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Bless all of our hearts. When did we all lose ourselves and become hateful, angry, argumentative people with no respect...

‘Hands-free Tennessee’ no cure for driving while blind

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Hands-free devices for talking on the phone behind the wheel do little to alleviate “driving while blind.”

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By Mark Rutledge

Monday, July 8, 2019

Hands-free doesn’t sound like a safe way to drive, but it’s the law in Tennessee as of July 1, and North Carolina is not far behind.

Hold a phone to your ear behind the wheel and the highway patrol is liable to contribute something to the conversation.

Up until about five years ago, I rarely even carried a cellphone. But I have conformed to the modern mode of constant accessibility. And the phone is, of course, so much more than a phone.

My phone is where I take notes, pictures and breaks from reality. It’s where I check email, the time, the weather, the temperature and the tuning on my guitar — which I almost never play while driving, by the way.

What I do play while driving are recordings of other people playing music. The phone has become my stereo. My kids recently gave me one of those neat and powerful mobile speakers that can magically channel music downloaded to my smartphone from the internet. I love it, but I might have to give it up during the work commute.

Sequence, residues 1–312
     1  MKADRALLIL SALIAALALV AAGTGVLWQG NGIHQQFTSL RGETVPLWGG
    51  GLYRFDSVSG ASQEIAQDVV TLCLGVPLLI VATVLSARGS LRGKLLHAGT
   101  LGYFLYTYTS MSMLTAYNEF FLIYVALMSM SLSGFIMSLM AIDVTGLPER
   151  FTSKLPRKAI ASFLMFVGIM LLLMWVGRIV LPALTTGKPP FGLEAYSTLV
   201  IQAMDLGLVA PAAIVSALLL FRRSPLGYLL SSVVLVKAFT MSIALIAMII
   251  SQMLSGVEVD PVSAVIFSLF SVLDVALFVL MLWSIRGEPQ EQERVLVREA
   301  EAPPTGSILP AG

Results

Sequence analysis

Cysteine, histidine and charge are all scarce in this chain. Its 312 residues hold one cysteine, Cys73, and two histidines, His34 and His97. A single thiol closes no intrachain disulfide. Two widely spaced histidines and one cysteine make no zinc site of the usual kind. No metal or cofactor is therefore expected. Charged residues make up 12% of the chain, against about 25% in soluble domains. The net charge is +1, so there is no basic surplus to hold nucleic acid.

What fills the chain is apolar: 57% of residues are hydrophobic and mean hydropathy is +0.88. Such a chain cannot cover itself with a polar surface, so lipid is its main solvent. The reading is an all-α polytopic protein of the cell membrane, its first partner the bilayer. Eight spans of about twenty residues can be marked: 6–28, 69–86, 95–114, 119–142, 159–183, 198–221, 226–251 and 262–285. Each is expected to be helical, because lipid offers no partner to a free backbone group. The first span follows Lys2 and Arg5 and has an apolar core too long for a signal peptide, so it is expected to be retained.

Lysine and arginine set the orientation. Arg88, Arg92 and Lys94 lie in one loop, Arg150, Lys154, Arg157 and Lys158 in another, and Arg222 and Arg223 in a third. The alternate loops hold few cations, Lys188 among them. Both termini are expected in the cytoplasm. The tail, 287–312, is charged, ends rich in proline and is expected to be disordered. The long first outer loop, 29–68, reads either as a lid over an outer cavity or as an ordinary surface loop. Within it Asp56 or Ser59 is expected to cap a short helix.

Under the new law — which is good and necessary — I will need to set my music to shuffle, or just play the radio. Otherwise, I must touch my phone in order to adjust the volume or change the song.

Touching the phone while driving is now illegal in Tennessee and many other states.

That seems a bit strange considering that many cars are equipped these days with touch-screen, onboard computers for controlling everything from the radio to GPS navigation systems and even cellphones. I submit that those built-in dashboard touch screens also are dangerously distracting to operate while driving.

Clearly, technology has outpaced our ability to safely utilize it inside a car. For me, this new law requiring a hands-free device for talking on the phone is not much help toward keeping my mind focused on the road ahead.

If I’m talking, I’m blind. Ask my wife.

“Stop talking!” Sharon often barks. “You’re going to miss our turn.”

It’s true. When I’m on the phone, or simply engaging in a little device-free conversation, I have a hard time seeing where I’m going. I see the road and the cars around me fine. And I will react in a timely manner if any of those elements present a hazard.

But I also see, in my mind’s eye, the person I’m talking to or the place or thing or person that they or I might be discussing. What I invariably will not see is the next planned exit or turn.

My first time using the required hands-free Bluetooth speaker driving home from work, I still cruised right past my regular fueling exit and nearly ran out of gas before I made it to the next truck stop.

“Hands-free Tennessee,” is a catchy slogan. How about, “If your lips are moving, make sure the car is not.”

When that law goes into effect, in-car ventriloquism will be all the rage.

Contact Mark Rutledge at mrutledge@reflector.com or like him on Facebook at Mark Rutledge Columns.

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